The Old Child And The Sea
Every summer, my little family and I go to Maine and pay our respects to the ocean.
We stand on rocky points, thinking of death and feeling like poets, we swim, hunt for sea glass, and we manipulate the sun into creating in us a powerful ice-cream need for the drive home.
This last ocean visit, my boy and nephews and I abandoned the family to search for lifeforms in tidepools, specifically any living thing that welcomed itself to the world during the Jurassic Period.
You guessed right: It was decapod time, the Atlantic rock crab, which I just learned is also called the “Peekytoe.”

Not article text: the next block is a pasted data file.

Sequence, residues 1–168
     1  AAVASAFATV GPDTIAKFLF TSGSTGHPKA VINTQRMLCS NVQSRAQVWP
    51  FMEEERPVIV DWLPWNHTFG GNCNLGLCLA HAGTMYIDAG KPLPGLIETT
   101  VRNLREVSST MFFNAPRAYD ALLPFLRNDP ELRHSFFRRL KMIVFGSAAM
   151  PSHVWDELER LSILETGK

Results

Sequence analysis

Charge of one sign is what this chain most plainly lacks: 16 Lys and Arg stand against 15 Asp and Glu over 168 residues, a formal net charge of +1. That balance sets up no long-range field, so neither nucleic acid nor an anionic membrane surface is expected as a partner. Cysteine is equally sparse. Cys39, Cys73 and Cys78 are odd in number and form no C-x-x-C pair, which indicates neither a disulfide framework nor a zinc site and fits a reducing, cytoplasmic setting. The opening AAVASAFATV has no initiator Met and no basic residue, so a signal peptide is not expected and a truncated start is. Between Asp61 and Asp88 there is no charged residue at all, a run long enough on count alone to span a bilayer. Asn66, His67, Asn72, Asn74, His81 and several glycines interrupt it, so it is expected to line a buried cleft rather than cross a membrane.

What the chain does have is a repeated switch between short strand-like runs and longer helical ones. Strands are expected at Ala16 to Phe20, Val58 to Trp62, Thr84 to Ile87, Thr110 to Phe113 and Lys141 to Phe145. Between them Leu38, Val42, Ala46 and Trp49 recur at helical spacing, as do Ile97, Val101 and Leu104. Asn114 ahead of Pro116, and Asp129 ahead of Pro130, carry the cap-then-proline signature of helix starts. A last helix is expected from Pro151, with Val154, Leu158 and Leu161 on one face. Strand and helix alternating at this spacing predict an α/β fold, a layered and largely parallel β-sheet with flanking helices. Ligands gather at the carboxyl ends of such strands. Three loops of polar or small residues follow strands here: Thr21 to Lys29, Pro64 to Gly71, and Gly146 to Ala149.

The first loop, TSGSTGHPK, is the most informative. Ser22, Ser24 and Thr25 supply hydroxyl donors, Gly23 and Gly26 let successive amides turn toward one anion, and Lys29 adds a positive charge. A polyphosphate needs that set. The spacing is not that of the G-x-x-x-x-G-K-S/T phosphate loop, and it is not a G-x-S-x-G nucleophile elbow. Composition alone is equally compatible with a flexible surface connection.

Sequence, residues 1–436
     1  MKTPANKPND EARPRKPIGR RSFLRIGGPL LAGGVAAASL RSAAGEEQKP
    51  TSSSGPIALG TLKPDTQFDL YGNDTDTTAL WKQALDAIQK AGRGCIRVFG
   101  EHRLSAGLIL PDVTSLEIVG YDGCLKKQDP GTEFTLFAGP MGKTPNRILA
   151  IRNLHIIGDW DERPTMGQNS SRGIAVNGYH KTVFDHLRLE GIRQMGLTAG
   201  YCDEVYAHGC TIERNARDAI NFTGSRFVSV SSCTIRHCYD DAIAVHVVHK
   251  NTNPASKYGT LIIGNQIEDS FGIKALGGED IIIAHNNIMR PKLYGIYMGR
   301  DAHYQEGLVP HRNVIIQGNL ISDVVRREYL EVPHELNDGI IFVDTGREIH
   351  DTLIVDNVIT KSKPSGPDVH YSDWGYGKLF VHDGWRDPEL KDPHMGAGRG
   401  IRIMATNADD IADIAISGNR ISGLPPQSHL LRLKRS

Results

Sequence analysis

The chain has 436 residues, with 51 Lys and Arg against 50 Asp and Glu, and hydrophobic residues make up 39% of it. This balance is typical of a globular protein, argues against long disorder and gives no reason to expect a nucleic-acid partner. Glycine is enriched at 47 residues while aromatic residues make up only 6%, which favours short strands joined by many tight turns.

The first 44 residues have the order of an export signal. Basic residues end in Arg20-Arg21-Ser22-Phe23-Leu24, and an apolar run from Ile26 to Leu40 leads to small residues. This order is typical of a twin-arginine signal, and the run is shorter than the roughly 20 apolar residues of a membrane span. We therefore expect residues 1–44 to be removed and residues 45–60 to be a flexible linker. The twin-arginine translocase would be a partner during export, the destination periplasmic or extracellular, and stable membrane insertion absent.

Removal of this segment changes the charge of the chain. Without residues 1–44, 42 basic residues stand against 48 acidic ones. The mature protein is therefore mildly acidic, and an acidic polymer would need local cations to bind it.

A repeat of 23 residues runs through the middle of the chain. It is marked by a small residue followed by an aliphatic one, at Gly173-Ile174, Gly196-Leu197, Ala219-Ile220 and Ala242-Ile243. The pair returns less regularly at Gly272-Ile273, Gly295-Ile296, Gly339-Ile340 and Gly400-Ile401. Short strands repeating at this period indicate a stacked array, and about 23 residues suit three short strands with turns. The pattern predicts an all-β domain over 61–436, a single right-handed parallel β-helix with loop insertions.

This is the greatest thing you and I will ever learn today.
Before looking for sea life, we looked for sea-death in a restaurant, “The Lobster Shack,” establishing our aquatic dominance before hitting the beach.
I filled myself with fried shrimp and fried fries and as many chicken fingers as I could steal from my nephews.
Then it hit me:
I was feeling congealed, full of deep fried mortality, so spiritually empty that I became wild about movement. I needed a workout almost as much as I needed ice cream.
So, when I got to the beach, I raced from pool to pool, my boy and nephews following like seagulls after a rejected pile of unlovable meat, which is how I always feel after overeating.
We splashed around, lifted rocks, swished seaweed aside, and lunged for scuttling peekytoes.